There are many causes of zig zag errors in APRS tracks, and they fall generally into two main categories:
- incorrect positions (ie the tracker was never there); and
- correct positions with incorrect timestamps.
The first is common and has a number of causes, but principally defects in software used in iGates, most of which is not maintained either by the iGate operator or original developer. APRS is pretty static, but most old software has significant defects.
The second category is again common, and mostly the result of the design of the APRS radio network and its vulnerability to network delays (some of which can be caused by defective equipment).
This article looks at a case in the second category where a vehicle appears to have done a U-turn on the highway, travelled back some distance then another U-turn and caught up their original track speed at the next posit. It is clearly an out of order packet. This article shows how to diagnose the cause from the raw packet log for the tracker.
Above is a map of the glitch that is not uncommon in APRS for one of several reasons. No, VK2HJ has not done U-turns on the highway, the zig zag track is incorrect.
Here are the relevant raw APRS records for VK2HJ-9 at that time.
If you examine the detail of these records (scroll right), you will see that there is a packet rejected at 07:41:59 because of rate limiting, but the same packet passes through the radio network and is resubmitted by VK2ASY-1 more that 220s later and it is not recognised as a duplicate of the earlier one (probably due to a quite long delay), and is accepted by the network and allocated a timestamp more than three minutes later than when it was originally transmitted… hence the zig zag.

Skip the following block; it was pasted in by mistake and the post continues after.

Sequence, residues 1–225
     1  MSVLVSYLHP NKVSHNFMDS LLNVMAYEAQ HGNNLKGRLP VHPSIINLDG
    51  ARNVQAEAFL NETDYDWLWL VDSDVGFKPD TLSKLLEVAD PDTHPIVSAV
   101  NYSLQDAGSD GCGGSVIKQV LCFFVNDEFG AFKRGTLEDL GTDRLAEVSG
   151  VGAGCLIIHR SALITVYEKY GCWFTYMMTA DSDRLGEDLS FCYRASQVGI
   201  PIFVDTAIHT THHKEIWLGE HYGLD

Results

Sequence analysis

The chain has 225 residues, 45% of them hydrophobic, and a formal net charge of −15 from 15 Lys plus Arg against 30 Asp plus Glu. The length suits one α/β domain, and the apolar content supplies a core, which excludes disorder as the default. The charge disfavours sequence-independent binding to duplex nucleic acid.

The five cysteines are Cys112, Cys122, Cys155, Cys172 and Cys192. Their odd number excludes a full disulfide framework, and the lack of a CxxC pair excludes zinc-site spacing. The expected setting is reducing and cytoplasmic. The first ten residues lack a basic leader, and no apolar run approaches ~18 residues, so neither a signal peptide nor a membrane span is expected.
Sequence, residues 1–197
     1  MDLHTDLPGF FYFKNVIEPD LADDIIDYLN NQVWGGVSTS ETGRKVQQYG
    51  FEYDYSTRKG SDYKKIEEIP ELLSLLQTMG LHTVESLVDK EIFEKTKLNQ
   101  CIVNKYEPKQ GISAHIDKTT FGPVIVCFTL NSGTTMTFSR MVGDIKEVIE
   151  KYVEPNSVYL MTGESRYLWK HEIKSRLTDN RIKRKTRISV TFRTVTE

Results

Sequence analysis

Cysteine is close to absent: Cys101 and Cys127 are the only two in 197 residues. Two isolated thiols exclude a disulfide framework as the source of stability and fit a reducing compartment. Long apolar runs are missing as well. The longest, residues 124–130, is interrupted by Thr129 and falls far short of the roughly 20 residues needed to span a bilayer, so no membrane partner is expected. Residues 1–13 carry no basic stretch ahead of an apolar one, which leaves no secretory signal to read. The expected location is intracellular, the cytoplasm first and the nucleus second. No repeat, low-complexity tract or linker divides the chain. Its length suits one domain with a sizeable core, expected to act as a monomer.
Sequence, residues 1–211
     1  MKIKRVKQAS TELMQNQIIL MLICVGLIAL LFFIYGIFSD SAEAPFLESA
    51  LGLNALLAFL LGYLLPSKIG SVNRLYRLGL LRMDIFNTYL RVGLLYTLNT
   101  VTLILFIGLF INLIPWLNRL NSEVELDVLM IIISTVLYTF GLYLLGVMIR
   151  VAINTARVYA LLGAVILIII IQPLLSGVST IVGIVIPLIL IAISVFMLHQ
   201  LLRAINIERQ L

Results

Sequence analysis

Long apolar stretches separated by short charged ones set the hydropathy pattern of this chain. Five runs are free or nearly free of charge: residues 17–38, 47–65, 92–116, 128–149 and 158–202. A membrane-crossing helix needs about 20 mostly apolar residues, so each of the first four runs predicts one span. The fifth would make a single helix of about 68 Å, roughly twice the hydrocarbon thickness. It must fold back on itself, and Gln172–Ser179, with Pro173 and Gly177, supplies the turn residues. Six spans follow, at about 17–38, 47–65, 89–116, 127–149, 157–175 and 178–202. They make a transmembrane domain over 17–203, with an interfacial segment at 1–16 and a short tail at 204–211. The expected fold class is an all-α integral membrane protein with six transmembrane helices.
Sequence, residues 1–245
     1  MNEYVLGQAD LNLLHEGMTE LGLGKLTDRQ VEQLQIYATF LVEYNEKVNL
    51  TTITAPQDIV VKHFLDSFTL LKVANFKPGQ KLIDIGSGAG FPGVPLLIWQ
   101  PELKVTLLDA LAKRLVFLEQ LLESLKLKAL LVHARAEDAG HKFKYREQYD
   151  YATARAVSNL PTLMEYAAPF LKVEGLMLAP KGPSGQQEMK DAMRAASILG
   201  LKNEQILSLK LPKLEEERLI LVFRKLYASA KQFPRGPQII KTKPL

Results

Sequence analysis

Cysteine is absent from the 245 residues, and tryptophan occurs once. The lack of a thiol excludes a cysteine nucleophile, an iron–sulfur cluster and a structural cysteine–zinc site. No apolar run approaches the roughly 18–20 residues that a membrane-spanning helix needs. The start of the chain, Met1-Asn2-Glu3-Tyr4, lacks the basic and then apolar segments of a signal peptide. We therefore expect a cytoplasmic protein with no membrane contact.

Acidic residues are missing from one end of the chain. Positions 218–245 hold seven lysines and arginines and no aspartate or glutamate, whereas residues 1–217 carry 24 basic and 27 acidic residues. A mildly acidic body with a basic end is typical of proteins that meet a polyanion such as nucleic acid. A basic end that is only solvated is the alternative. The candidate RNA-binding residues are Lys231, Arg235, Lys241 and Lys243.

Packets can be delayed by a digi that for one reason or another has an open squelch blocking the transmitter for an extended time, and when the squelch finally closes, the digi sends all the packets it has buffered. Similar delays are caused with some iGate TNCs where flow control is incorrectly used and the data flow is choked off for an extended time. What is an extended time? I commonly see bursts of packets up to 2000s old.
Even if VK2HJ's packets were timestamped (which usually means very accurate time from the GPS), the network would not use the timestamp in duplicate detection or to discard stale posits.
The further packets are carried by digipeaters, the longer delay and the more opportunity for corruption or delayed packets being assigned an incorrect timestamp.
If you want an accurate and reliable track record, do not depend on APRS over radio.